If you're a veteran sweeper operator, than these words from TYMCO's Tom Rokas ring loud and clear: "Cleaning out your sweeper at the end of your shift or at the end of the day is the most important service you can perform on it."
Located in Waco, Texas, TYMCO manufacturers a full line of regenerative air sweepers. Rokas, of the marketing department, notes that just rinsing out the hopper after a day's use prolongs the life of metal parts and helps to keep the sweeper running efficiently. Company training director David Zajicek agrees, noting that ideally the cleaning regimen should be thorough, taking about 30 minutes and should encompass a complete walk-around of the sweeper, cleaning out the screen and dust separator, cleaning out the suction hose, and overall giving the unit a good washing at the end of the day. Cleaning time, he adds, can be shortened with the hopper deluge option.
The cleanup has another purpose, says Zajicek, "Cleaning gives the operator the opportunity to inspect the sweeper. On an air sweeper that means paying special attention to make sure seals are tight, including seals around the hopper door and dust separator, and that the suction and pressure tubes are free of holes and debris."
Zajicek, who has been with TYMCO for 20 years, emphasizes that seals should be inspected routinely to maximize sweeper performance and changed every two or three years. To make sure doors seal properly, he advises operators to attempt to slip a piece of paper through the side of a closed door. If the paper passes through, then the seals need to be changed. "Leaving the doors open after the hopper has been washed and cleaned will allow seals to breathe and flex," he adds. "This will also speed up the drying process and help prevent corrosion."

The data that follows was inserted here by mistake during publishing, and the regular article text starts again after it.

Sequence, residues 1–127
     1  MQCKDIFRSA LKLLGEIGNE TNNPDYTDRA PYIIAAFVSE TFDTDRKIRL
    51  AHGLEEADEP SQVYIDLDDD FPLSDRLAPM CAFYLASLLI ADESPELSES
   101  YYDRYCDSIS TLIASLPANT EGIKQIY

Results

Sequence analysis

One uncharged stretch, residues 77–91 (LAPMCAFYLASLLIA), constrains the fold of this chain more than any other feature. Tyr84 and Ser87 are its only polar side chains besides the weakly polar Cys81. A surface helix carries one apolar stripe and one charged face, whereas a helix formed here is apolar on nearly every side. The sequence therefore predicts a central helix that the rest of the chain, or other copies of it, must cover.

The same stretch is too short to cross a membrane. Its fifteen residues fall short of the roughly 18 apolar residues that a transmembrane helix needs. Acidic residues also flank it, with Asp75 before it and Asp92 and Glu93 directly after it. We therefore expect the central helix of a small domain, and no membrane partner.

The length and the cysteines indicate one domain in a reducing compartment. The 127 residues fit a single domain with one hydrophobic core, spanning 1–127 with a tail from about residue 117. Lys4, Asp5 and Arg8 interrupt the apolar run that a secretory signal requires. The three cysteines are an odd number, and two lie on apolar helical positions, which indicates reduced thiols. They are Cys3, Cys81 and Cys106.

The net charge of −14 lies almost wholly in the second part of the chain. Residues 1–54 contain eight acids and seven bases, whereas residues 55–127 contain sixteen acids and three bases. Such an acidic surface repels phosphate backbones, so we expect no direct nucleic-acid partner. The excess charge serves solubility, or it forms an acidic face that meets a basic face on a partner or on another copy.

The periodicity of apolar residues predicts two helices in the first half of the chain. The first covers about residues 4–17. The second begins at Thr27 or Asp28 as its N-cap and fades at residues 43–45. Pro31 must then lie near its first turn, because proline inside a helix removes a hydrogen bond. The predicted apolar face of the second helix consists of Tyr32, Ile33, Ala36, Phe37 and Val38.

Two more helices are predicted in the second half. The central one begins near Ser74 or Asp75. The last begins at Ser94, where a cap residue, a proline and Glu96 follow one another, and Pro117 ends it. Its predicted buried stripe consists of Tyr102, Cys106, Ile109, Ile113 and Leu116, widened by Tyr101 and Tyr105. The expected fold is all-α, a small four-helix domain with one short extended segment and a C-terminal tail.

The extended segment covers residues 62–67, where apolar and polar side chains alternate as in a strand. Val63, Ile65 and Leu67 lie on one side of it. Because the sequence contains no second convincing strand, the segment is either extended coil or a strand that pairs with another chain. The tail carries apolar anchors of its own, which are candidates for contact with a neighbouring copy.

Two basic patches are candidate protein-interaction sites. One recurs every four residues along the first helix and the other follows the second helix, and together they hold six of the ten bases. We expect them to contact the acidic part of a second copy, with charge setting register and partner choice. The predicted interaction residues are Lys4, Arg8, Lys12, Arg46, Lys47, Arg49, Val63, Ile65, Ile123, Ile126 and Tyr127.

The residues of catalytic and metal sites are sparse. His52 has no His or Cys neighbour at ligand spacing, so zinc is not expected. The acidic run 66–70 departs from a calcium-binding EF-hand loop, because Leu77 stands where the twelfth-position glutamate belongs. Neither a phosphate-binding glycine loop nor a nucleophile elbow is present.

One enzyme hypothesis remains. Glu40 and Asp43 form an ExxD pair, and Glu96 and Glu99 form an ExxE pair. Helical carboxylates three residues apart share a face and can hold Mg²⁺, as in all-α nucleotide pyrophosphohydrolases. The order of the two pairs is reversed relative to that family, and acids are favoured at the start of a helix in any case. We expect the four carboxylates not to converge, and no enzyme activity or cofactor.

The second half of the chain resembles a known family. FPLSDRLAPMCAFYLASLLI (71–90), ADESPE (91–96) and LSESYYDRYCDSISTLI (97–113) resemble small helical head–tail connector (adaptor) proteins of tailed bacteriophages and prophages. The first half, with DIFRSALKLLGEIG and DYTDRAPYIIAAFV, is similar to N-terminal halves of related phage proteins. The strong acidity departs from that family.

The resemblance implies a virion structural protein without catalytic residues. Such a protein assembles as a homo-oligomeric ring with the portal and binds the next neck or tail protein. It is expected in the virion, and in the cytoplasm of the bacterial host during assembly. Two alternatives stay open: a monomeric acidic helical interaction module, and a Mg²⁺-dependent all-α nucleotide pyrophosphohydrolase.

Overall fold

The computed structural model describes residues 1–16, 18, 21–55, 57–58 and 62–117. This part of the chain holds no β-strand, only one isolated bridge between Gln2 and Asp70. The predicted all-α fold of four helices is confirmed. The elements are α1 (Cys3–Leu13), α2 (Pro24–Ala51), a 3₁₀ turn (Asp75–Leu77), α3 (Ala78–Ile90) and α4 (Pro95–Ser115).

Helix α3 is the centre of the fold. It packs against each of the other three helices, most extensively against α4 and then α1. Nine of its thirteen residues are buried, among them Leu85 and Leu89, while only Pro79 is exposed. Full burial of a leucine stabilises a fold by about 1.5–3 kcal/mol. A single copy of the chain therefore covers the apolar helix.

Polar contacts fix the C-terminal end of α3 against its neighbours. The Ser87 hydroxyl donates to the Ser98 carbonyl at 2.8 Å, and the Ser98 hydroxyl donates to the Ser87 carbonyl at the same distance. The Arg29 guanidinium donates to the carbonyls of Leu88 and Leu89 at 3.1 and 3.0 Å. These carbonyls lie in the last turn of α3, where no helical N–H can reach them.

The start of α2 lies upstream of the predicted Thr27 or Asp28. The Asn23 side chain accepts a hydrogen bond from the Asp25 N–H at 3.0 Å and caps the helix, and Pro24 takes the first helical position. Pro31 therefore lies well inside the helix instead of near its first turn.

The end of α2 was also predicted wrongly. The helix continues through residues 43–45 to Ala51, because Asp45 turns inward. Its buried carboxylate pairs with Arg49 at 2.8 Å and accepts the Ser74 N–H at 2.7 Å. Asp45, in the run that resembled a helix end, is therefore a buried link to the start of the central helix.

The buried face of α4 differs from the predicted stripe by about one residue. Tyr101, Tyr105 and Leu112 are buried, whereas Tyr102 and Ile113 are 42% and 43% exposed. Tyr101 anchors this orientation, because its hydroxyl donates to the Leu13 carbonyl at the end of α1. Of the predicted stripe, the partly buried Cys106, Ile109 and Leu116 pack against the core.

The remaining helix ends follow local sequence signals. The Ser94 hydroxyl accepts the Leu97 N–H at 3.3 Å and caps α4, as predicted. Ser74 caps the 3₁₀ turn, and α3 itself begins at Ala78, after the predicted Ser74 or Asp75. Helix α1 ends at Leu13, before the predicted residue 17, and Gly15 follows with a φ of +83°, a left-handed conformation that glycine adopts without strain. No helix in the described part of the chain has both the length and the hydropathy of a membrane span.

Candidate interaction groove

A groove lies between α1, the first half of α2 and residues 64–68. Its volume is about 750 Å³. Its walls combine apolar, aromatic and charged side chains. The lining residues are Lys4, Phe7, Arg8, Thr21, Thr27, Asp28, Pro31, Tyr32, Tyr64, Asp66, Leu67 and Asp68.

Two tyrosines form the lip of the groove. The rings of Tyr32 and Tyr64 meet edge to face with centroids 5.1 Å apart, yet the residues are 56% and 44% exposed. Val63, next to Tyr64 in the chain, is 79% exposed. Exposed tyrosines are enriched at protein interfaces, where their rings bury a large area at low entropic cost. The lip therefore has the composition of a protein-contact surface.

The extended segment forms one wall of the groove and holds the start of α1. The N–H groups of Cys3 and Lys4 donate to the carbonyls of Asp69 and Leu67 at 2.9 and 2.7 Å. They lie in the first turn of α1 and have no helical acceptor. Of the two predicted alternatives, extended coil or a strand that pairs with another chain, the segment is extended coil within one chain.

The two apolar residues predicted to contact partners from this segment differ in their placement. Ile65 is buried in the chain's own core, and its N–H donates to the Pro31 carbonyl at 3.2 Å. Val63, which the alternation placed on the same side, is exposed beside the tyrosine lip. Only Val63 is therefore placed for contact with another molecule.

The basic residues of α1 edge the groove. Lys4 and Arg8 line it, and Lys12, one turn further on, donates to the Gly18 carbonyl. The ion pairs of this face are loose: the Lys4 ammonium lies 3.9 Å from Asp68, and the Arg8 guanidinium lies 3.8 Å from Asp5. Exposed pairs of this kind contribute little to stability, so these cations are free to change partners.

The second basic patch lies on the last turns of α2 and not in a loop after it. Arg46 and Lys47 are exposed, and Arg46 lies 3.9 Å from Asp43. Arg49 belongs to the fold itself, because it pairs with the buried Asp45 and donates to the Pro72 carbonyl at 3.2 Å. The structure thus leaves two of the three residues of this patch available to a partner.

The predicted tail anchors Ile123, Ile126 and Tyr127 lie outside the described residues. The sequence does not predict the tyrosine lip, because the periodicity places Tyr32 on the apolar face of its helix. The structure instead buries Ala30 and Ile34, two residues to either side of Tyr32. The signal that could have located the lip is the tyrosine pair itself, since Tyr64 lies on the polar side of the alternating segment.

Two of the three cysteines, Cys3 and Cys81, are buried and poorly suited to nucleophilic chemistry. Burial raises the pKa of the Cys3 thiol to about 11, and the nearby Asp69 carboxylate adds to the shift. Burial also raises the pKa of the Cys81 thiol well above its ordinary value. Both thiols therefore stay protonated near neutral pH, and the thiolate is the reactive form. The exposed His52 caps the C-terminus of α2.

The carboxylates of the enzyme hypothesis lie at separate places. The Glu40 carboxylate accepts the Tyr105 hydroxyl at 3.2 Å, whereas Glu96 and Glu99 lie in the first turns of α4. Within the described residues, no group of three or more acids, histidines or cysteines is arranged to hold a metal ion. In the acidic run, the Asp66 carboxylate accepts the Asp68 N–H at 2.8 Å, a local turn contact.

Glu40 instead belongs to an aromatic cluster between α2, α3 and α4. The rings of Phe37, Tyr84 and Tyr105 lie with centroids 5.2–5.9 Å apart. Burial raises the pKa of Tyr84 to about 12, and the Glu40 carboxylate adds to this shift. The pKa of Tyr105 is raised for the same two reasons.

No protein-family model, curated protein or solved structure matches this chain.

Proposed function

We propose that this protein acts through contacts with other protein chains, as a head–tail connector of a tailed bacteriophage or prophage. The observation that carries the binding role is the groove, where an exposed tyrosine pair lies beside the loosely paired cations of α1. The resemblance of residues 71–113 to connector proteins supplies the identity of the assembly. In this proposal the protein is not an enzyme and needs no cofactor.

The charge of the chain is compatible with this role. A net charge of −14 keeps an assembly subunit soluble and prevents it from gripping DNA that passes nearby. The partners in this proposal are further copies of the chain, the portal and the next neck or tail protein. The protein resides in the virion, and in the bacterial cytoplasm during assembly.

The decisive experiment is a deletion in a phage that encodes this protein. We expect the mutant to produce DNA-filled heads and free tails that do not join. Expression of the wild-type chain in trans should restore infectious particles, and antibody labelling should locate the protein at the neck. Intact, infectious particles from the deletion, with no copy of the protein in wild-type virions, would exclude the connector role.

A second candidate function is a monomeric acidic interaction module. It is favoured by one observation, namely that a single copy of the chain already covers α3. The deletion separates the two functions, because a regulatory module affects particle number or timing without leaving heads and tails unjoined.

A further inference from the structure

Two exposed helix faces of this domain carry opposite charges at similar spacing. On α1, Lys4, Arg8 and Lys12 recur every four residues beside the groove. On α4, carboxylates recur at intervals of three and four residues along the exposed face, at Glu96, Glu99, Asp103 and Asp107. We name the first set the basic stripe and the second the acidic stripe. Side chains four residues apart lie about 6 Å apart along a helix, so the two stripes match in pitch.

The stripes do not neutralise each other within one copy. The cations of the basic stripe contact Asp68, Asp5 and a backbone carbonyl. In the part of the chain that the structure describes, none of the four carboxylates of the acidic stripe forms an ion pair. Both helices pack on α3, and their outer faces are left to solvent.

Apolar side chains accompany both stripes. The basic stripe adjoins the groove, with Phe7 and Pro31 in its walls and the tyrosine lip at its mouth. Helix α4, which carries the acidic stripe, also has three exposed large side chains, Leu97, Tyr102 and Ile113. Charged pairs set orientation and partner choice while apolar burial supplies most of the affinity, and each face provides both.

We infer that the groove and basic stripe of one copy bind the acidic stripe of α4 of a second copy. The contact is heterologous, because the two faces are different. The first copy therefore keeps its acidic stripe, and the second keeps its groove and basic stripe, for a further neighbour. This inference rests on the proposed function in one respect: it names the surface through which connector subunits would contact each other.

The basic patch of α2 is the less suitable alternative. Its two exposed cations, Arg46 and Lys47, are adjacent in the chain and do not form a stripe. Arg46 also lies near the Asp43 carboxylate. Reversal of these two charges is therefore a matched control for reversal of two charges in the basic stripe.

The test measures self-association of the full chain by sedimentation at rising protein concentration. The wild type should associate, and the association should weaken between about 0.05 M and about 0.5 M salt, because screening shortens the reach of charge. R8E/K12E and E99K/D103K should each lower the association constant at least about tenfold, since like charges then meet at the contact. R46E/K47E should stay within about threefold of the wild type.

Since rubber curtains are used to seal the air stream beneath the pickup head on TYMCO sweepers, they need to be routinely checked, too. The curtains are not adjustable and because they drag on the street to create a seal, they will require periodic replacement. "Curtain wear is affected by sweeper curb mileage speed," adds Rokas. "The faster you sweep, the faster the curtains wear. Optimum sweeping speeds are from 3 to 5 mph. Once curtains no longer seal, they must be replaced."
As Rokas and Zajicek explain, the pickup head is supported by skid plates. Adjusting the skid plates will raise or lower the pickup head and the blast orifice. Raising the skid plates will lower the head, decrease the area beneath the pickup head, and increase air speed. Conversely, lowering the plates will raise the head, increase volume, and decrease air speed. The skid plates should be adjusted for the application, i.e., when sweeping heavy weighted debris such as sand, dirt or gravel, keeping the skid plates at their higher adjustment will ensure plenty of air speed to facilitate pickup.
In addition to curtains, other obvious wear parts on both mechanical and air sweepers include the main and gutter brooms, along with the skid plates. On air sweepers, the impeller is also considered a wear part, just as the conveyor belt is considered a wear part on mechanical sweepers.
"Since air sweepers need air to operate, the blower wheel needs to be in good condition, too," says Zajicek. "If performance is down and air isn't leaking around the curtains or seals, then your air sweeper's impeller may be worn out."
Scott McArthur is service manager for Elgin Sweeper Company located in Elgin, Illinois. The company manufactures both air and mechanical sweepers. "A fan or impeller on an air sweeper can last anywhere from 1,500 to 3,000 hours, depending on the sweeping application." McArthur relates. "We recommend inspecting the impeller every couple hundred hours by opening a small inspection hatch. The vanes on an impeller will wear and shorten over time, and if they show too much wear, air speed will suffer." He says that using a water suppression system to keep dust down promotes impeller life.